Rahman Reigns Over India's Music Royalty in S.F
Rahman's triumphant first visit to San Francisco Oct. 8 evoked a
list of superlatives: India's most accomplished playback singers; the most
state-of-the-art sound; the most gorgeous orchestral arrangements, and -
considering the pyrotechnics, elevated 70-piece orchestra and elaborate
light show -the most monumental staging of any Indian show yet.
Clocking in at four hours plus, it was also one of the longest. But
considering Rahman's resume - more than 100 films in Hindi, Tamil and
Telugu, plus a growing collection of pop and non-film works and now a
London stage musical - he'd have to rent the Cow Palace by the week
to present it all.
Rahman has composed hundreds of songs, but to each fan there's one
particular musical moment that sweeps unforgettably across one's
consciousness; so part of the evening's delight was discovering which
favorite song Rahman and his team would perform next (for this reporter,
it was Dil Se's "E ajnabi": your results may vary).
Superstars Udit Narayan, Kavita Krishnamurti, S.P. Balasubramaniam,
Hariharan and Shankar Mahadevan presented versions of their top hits
for the composer, accompanied by a live chorus and an orchestra featuring
a harp, cellos and piano - along with mridangam, bansuri and electric
guitar. Each singer added a creative fillip to the material, whether in a
colorful alaap or improvising vocalizations at each song's climax,
bringing Rahman's album versions to life.
Behind the artists, a huge, metallic wheel hung before a starry backdrop
that was transformed by a multitude of spotlit color as fireworks exploded
on cue and sparks showered from the ceiling.
Chitra, Sukhwinder Singh and Sadhana Sargam performed their Rahman hits
(Chitra filling in for Lata Mangeshkar on Dil Se's "Jiya jale"
and Asha Bhosle on "Mujhe rang de" from Daud). Srinivas, Clinton
Cerejo, Dominique Manuel, Deven, Sujatha and Karen got their first chance
at worldwide exposure on the tour, which also took Rahman and troupe to
New York and Toronto last week and to Los Angeles Oct. 6.
What was amazing was how faithful the orchestra was to the original
versions of Rahman's songs. Every flute solo and backup vocal was there to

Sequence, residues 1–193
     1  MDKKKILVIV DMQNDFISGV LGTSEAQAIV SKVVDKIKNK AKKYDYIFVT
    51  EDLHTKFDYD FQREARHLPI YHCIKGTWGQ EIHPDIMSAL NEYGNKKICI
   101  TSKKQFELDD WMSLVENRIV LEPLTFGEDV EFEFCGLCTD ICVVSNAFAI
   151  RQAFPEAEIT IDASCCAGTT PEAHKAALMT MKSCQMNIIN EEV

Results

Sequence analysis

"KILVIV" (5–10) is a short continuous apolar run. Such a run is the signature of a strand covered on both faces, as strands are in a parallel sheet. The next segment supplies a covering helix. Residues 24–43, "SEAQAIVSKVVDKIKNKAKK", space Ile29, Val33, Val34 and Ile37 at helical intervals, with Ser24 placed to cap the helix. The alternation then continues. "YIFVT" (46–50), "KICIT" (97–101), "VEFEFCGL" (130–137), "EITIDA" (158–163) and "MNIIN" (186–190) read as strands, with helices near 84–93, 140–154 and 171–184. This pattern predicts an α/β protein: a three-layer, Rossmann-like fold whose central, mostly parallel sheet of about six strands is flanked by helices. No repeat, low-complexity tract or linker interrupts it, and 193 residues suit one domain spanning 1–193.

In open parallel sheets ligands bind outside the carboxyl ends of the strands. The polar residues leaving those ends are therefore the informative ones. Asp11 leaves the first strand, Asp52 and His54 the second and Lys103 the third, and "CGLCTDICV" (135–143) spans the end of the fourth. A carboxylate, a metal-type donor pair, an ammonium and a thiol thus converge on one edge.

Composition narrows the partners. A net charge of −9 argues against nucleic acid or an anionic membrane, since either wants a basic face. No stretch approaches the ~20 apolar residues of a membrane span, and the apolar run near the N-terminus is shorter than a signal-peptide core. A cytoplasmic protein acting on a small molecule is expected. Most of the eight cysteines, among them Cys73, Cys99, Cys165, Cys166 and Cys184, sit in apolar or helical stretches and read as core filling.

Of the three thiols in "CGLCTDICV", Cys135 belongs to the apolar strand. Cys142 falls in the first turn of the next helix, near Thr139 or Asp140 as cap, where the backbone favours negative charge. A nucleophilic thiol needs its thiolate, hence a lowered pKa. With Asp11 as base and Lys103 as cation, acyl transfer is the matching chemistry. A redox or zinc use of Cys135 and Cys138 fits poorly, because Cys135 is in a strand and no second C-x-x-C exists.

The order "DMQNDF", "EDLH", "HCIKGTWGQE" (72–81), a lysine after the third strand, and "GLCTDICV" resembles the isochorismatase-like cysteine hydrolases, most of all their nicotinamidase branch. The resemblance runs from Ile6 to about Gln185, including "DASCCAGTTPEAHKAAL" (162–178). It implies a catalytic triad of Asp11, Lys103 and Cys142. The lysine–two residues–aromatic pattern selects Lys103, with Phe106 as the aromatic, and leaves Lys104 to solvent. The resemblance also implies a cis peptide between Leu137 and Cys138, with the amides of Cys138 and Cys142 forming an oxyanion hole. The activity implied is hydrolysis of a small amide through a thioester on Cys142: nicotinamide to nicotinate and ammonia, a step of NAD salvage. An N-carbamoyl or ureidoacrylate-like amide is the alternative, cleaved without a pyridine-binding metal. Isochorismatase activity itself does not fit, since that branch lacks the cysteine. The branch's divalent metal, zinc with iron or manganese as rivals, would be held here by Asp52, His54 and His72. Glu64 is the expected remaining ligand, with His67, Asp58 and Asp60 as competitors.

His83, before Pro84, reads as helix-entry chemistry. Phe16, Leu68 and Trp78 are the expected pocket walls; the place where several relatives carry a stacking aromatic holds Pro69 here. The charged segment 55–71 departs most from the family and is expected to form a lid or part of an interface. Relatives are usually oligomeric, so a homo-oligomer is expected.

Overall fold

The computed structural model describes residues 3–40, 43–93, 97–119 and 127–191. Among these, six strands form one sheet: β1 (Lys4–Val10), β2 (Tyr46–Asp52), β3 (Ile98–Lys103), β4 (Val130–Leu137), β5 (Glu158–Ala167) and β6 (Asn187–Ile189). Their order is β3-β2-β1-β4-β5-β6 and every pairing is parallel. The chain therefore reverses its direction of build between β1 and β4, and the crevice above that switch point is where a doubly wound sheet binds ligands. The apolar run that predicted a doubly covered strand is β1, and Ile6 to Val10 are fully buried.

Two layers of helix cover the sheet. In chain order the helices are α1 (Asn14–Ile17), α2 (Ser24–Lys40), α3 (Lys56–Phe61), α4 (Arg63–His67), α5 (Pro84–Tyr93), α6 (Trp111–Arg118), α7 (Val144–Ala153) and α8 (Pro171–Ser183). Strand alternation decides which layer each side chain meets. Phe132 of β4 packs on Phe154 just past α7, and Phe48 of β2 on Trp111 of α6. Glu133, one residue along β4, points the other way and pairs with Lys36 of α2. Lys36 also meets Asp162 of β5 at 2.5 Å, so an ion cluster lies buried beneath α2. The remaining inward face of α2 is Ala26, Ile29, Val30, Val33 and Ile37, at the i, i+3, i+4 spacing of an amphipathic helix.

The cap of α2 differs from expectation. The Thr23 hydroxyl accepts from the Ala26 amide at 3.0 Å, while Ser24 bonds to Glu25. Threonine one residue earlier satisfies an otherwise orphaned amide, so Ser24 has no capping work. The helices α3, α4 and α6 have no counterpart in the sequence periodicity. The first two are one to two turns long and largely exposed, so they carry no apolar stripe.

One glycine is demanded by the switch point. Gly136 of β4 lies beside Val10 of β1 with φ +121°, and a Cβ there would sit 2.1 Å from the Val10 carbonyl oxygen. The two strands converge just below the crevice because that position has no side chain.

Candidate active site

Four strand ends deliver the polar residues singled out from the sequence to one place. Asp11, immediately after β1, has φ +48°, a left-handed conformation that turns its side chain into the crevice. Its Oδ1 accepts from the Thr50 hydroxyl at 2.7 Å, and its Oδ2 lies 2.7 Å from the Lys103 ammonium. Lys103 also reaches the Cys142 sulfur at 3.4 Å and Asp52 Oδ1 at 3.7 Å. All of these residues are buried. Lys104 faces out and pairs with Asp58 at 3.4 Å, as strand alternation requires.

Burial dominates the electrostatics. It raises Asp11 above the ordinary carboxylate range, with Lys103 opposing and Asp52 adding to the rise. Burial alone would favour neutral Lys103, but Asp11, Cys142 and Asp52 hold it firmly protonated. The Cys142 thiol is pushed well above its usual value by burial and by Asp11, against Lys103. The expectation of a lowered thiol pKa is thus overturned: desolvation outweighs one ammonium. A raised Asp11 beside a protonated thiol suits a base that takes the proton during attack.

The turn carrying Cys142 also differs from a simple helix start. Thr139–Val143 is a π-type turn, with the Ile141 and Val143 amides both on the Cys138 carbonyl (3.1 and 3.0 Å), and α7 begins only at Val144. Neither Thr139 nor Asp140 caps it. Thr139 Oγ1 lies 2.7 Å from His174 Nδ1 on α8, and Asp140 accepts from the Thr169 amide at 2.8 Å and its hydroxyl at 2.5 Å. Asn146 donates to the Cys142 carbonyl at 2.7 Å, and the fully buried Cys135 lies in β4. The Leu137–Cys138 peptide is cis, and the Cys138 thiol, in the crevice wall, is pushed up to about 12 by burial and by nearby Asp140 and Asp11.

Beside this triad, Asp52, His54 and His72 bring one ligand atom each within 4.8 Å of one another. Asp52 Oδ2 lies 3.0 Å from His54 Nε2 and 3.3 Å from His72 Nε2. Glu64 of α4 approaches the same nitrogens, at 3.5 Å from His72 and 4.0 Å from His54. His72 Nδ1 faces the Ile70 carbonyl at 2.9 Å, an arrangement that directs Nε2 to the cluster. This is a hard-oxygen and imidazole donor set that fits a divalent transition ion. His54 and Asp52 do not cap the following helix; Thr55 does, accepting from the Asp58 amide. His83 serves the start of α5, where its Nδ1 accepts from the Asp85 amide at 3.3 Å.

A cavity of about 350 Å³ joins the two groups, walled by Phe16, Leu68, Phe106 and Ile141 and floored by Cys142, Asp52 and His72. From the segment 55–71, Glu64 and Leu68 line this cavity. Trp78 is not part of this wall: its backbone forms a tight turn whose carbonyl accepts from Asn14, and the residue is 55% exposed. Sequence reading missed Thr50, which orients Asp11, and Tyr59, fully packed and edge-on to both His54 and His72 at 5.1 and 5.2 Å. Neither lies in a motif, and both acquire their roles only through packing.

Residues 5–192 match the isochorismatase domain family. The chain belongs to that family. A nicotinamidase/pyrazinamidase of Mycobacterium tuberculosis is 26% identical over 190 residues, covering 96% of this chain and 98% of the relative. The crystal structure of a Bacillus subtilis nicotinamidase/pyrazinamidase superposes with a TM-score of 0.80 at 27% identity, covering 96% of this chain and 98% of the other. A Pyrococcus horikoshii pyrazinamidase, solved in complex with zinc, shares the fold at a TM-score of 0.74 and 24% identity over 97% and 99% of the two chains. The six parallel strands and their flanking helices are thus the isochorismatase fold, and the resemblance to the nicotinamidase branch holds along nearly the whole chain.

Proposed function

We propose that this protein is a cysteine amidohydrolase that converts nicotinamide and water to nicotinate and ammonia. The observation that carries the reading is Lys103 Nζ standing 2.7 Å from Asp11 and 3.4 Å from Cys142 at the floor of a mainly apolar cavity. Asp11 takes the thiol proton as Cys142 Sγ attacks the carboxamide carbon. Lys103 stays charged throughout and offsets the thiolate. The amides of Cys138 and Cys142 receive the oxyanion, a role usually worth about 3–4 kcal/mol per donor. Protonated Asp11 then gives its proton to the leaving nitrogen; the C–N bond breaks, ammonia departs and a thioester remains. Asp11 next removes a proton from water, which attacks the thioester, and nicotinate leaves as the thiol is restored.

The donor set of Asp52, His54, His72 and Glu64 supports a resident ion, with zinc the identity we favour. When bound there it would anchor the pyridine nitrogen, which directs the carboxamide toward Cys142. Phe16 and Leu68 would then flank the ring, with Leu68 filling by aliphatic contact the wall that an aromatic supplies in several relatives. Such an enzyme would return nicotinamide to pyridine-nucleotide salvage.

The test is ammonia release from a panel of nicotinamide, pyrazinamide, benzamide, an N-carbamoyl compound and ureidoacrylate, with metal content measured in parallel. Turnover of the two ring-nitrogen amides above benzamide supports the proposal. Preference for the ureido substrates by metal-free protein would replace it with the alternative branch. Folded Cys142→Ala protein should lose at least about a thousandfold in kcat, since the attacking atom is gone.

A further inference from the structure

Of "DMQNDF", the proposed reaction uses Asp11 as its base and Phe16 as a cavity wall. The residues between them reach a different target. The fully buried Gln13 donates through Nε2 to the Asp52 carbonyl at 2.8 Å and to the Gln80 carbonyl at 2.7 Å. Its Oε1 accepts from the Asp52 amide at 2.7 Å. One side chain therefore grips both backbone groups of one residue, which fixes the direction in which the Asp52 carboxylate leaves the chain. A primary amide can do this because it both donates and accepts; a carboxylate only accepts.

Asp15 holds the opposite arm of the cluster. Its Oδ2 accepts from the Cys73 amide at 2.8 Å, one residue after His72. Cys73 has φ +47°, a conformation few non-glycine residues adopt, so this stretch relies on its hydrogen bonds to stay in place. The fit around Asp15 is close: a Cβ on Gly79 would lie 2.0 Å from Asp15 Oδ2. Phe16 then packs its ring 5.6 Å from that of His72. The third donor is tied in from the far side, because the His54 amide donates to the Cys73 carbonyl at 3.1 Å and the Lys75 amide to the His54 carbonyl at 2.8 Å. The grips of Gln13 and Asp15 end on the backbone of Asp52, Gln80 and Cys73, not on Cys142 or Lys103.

please even his most ardent fans, but the joy of hearing such technically
superb singers add their improvisations on top of the mix made it even
Highlights from the Hindi repertoire included Udit Narayan's haunting
"E ajnabi"; Hariharan's tender "Nahin samne" and
Kavita Krishnamurti's improvisations on Pukar's pulsating "Sunta
Anupama recreated her thrilling "Chandralekha" and S.P.
Balasubramiam sang the title track from Roja - to the audience's delight -
in both Tamil and Hindi. Ace percussionist Sivamani led a jugalbandi with
tavil, mridangam and his own array of drums, and 10 dancers in bronze
leather or form-fitting sequinned bodysuits added color and energy to the
The evening started with a procession of Afro-Latin drummers, led by
Sivamani, trailing from the back of the auditorium and making their way
onto the stage before a white backdrop covered in clouds. Javed Jaffery,
dapper in a shimmering gray suit and butter-yellow tie, promised the crowd
"music, music and only music" - and introduced the orchestra of
40 Indian and 30 Western musicians.
A song from the new Tamil film Rhythm kicked off the show, followed by Anupama's
"Spirit of Rangeela" and a Tamil number from S.P.
Kavita Krishnamurti, in an aquamarine-colored suit, joined Shankar
Mahadevan, dressed in a silver tunic, on Pukar's "Ke sera sera"
as dancers gyrated in bronze body suits; followed by Sadhana Sargam on
"Dil hai chhota sa" from Roja.
A.R., in a white shirt and black jacket, watched over the proceedings from
behind a bank of keyboards above center stage, and sang the solo to
"Dil se re," "Mustafa" and other hits. Offstage,
Rahman, 32, is articulate and debonair; but onstage comes across as
somewhat shy in comparison (a point that Jaffery made to comic effect),
allowing the eloquence of his music to speak for him.
Sukhwinder's versions of "Ramta jogi," "Ni main samaj
gayee" and "Chhaiya chhaiya" were well-received, but one of
the biggest hits of the evening was "Muqabala" from Shankar
Mahadevan and Sujatha. Udit Narayan even joined his wife, Deepa (taking
Alka Yagnik's spot), on "Taal se taal mila," dancing around her
and even sweetly dropping down on one knee. That intimate and breathy
quality often evident in Narayan's voice was transformed to a
thrilling,confident power, and one wishes that Narayan will soon showcase
his versatility headlining his own show.
Other hits included Sujatha's "Netruilladha" (Puthiamugam),
Rahman's version of "Mustafa," Shankar Mahadevan and Kavita
Krishnamurti's duet on "Uppu karuvadu," "Snehidhane
snehidhane" from Sadhana Sargam, Balasubramaniam and Chitra's duet on
"Anjali Anjali" (Duet) and the soaring instrumental theme from
Indo-Canadian vocalist Karen gave a sneak preview of the music of Rahman's
upcoming musical "Bombay Dreams," to be mounted in London by
Lord Andrew Lloyd Webber, and the evening ended with moving versions of "Vande
Mataram" and "Jana Gana Mana." Twenty-five local
children, from Prabasi, a Bengali organization, joined Rahman onstage.
The Chennai-born Rahman took a chance in presenting such a wide-ranging
mix of songs to an audience that represented just about every culture in
South Asia. Some North Indian audience members grumbled that there was too
much South Indian content, and vice versa, but as Jaffery said early in
the show, "Look around you. There are people from Pakistan,
Bangladesh, Sri Lanka and every corner of India here tonight under one
"The language of music allows us to transcend our differences and
break down barriers."
Variety Entertainment, headed by Narendra Kumar, teamed with project
director Suri Gopalan to bring the well-organized show to Los Angeles and
San Francisco. "It was an overwhelming success," Gopalan told